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Credit Card Applications » News » Other » Credit and Finance Mistakes

Credit and Finance Mistakes

January 03, 2008 | Updated on January 03, 2008
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The content is accurate at the time of publication and is subject to change.

The Worst Credit and Finance Mistakes of the Year 2007

As we are now all estimating what we have done in the year of 2007 and what we failed to do, we come to remember how much we earned and spent. Different people speak about their mistakes in managing their personal finance in the past year.

Tina M. Black, Kennett:I accumulated huge credit card debt

  • 'The greatest failure in my finance was credit card debt that skyrocketed during 2007. In fact, I was not going to get credit cards at all, as I know I can restrict myself from overspending with plastics. Having very low credit score, I avoid dealing with credit card companies. But once my sister almost made me get a card with her co-signing, it turned out to be awful. I went over the limit very soon (I can't resist shoe shops, Starbucks and beauty shops) and had to pay off more than 6 thousand dollars! What's more, the credit score of my sister was in danger. That is why I had to take another loan and pay of the huge balance on the card.

The matter is I never use credit cards for purchases, keeping in mind that I'm generally irresponsible as a borrower. Checks have always been my favorite financial tool, but since my sister insisted on me getting a card to build credit, I found myself in trouble.'

What Tina learned: Manage your finance the way that fits your individuality best. Avoid doing what other people say, as it may lead you to debt and other problems. Credit cards are risky, one should be able use them wisely.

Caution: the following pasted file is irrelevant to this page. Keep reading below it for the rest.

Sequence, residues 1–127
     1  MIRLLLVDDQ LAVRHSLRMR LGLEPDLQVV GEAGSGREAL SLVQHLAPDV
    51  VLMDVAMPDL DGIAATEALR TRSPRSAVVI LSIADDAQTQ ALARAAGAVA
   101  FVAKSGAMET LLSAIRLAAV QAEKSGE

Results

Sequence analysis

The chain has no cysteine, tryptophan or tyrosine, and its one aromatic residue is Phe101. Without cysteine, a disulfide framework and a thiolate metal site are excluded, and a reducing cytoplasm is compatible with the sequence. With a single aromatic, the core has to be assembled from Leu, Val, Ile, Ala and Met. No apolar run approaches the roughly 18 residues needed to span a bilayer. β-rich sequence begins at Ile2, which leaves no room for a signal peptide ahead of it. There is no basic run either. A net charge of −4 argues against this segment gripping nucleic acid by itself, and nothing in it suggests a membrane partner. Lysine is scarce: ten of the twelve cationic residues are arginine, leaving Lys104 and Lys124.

Chris Gibbs, Arlington: I spent much on trifles

  • 'I can't say I am a spendthrift, but in 2007 I bought a number of expensive things I could surely do without. I bought another plasma TV for the bedroom (there is one in the living-room already), a laptop for my girlfriend (I have one for myself, and the girl left me 2 months after the purchase, so I have 2 computers now), and a brand new washing machine with some fancy intellectual system (it turned out my old one could wash no worse than the new one). I just thought it would be cool to possess these gadgets, but actually I didn't need them. That is why now I have to reduce an impressing credit card debt.'

What Chris learned: every purchase should be well-considered; every spending should be thoroughly calculated. Do not buy things you have no need in, in order to save money on something really necessary.

Bobby Delatte, San Diego: I was lured by an easy-to-get credit

  • 'I was a college student and there was a colorful promotion of student loans in our college. I needed money to buy a car (which I actually couldn't afford) and immediately decided to apply for the student loan which had guaranteed approval. The limit was much higher than with student credit cards. When I was approved and bought a vintage Ford (it is complete lemon, frankly speaking), I decided to read the terms and conditions of the loan... The interest was sky-high!'

What Bobby learned: credit can be easy to get, but it is always hard to pay it off. Do not agree to credit offers without knowing the actual interest rate and terms.

So many people, so many stories... Many of us made mistakes in the past year. Let us think them over and lead a successful financial life in the new year of 2008.

Disclaimer: This editorial content is not provided or commissioned by the credit card issuer(s). Opinions expressed here are the author's alone, not those of the credit card issuer(s), and have not been reviewed, approved or otherwise endorsed by the credit card issuer(s). Reasonable efforts are made to present accurate information, however all information is presented without warranty. Consult a card's issuing bank for the terms & conditions.
All rates and fees, and other terms and conditions of the products mentioned in this article/post are actual as of the last update date but are subject to change. See the current products' Terms & Conditions on the issuing banks' websites.
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